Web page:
Oh and just to keep it in perspective, this recipe should be enough to do about eight full racks of back ribs. But we’ll get into that more on Friday, so y’all come back now! :)

Recipe: BBQ Rub

BBQ Rub
BBQ Rub

Ingredients;

1 tablespoon fennel seeds
2 teaspoons paprika
Zest of one orange, finely diced
1 teaspoon dried thyme
1 tablespoon brown sugar
A good pinch of sea salt and freshly ground black pepper
2 cloves of garlic, peeled

Line

This post is the first of 3 recipes that will be coming over the next few days, the 3 together make the best BBQ Ribs I’ve tasted, yes better than anything I’ve been served in any restaurant, anywhere, so do try this. Alternatively, it can be used on almost any meat to add a massive flavour boost.

Pound your fennel seeds to a fine powder in a pestle and mortar and mix with all the other ingredients (except the Garlic) until you have a deep red powder. I find the best way to do this is to add the lot to a small Tupperware box, seal it and then shake it (like a Polaroid picture 😉 )

Next you want to add your garlic, you will need to either finely grate the garlic or use a garlic press to mince it up real good, then add this to the other ingredients and mix it again.

Finally, apply this to your meat, rubbing it in well (get your minds out of the gutter down the back) then wrap in cling film and store in your fridge overnight, before cooking.

Kitchen Essentials: Herbs, Spices and other things in the press

One thing that I’ve found makes cooking regularly a lot easier is having a “stock” selection of certain items close to hand in the kitchen at all times. I’m going to list the ones I always have some of below.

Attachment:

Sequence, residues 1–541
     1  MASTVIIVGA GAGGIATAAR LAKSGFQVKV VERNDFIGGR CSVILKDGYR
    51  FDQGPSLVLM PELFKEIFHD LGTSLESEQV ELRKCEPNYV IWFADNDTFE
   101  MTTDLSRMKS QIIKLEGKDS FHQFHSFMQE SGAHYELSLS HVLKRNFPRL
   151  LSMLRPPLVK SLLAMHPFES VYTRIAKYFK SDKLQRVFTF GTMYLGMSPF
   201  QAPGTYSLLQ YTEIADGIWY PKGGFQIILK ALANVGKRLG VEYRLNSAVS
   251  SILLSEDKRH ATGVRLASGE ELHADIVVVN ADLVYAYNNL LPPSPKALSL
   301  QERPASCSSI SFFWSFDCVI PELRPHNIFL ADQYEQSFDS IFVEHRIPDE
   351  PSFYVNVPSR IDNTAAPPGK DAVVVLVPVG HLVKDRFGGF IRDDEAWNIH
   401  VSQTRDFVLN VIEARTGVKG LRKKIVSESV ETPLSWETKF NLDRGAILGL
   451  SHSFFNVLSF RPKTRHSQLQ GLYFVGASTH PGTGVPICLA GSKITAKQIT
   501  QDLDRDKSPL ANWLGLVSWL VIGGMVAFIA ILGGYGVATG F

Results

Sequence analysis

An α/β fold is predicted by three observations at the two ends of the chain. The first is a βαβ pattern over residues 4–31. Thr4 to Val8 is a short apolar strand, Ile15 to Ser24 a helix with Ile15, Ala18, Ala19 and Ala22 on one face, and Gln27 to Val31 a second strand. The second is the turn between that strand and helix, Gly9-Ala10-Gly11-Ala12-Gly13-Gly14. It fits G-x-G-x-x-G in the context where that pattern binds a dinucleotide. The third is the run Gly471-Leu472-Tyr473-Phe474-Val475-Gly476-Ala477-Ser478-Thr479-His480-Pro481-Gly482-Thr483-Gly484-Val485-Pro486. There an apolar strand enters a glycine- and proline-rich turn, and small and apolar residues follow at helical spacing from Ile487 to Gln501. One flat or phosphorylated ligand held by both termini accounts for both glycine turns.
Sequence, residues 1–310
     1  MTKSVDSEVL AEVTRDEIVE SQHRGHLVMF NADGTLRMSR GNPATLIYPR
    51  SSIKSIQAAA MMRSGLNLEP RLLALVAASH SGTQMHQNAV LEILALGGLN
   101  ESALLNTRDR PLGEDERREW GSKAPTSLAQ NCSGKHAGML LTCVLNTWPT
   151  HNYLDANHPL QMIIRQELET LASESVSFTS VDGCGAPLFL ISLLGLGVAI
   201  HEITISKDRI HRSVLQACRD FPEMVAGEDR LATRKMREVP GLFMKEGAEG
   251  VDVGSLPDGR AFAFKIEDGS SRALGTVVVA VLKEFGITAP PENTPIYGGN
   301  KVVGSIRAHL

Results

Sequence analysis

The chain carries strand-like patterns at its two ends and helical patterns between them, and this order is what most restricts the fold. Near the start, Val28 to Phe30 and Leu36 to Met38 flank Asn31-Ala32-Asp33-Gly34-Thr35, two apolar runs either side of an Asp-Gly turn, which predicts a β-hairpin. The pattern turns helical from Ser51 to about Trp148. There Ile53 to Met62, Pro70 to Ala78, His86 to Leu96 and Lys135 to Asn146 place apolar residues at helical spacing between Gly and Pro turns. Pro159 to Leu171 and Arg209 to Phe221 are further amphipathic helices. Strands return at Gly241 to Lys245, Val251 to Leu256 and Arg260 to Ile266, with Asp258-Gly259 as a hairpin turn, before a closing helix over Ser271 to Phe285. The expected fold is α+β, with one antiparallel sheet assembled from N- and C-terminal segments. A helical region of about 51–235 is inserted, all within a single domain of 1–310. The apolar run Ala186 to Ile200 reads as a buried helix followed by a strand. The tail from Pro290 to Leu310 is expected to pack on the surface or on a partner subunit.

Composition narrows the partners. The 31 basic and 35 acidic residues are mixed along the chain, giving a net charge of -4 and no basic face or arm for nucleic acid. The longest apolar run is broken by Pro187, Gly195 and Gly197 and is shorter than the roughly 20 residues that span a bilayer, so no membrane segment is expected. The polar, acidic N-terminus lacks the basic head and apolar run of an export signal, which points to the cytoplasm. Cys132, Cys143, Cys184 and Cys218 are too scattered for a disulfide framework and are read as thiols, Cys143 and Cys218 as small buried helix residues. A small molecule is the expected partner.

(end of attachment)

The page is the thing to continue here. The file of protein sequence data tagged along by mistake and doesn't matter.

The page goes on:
I’m going to start off with dry herbs and spices. If you have these to hand in the kitchen you can almost always make something from the odds and ends in the fridge, what to do with them has come with experience for me but I hope I can prevent some people from having the kitchen disasters I’ve had with my experiments over the years, Citrus stir-fry anyone? that’s how I learnt that tasting as you’re cooking is essential.

Anyway, back to the topic at hand, first up the essential dried herbs and spices in no particular order…

  • Table Salt
  • Rock Salt
  • Pepper
  • Black peppercorns
  • Oregano
  • Basil
  • Rosemary
  • Thyme
  • Cumin Seeds
  • Ground Cumin
  • Coriander Seeds
  • Ground Coriander
  • Chilli flakes
  • Ground Ginger
  • Sesame seeds
  • Paprika
  • 5 spice
  • 7 spice

I keep others as well but these are the ones I use the most.

Next, the bottles…

  • Extra Virgin Olive Oil (usually a generic brand, I gave up on buying separate Olive Oil and Extra Virgin Olive Oil a long time ago, as Olive Oil seems to be only available in the supermarkets from the premier brands so why pay €10+ for 1L Olive Oil when I’m paying a quarter for the Extra Virgin Olive Oil)
  • Sesame oil
  • Balsamic Vinegar
  • White Wine Vinegar
  • Red Wine Vinegar
  • Dark Soy Sauce

When it comes to Vinegars I just can’t get enough, I’ve listed the essentials above but we have a broad selection of Balsamic vinegars, thick ones, thin ones, mature ones, regional ones I’m estimating about 10 different Balsamics in the press, cause I’m too afraid/embarrassed to count them all :)

So what about fresh stuff, I’ve listed the ones I try to always have below, it’s not always possible but these are rarely off the sopping list.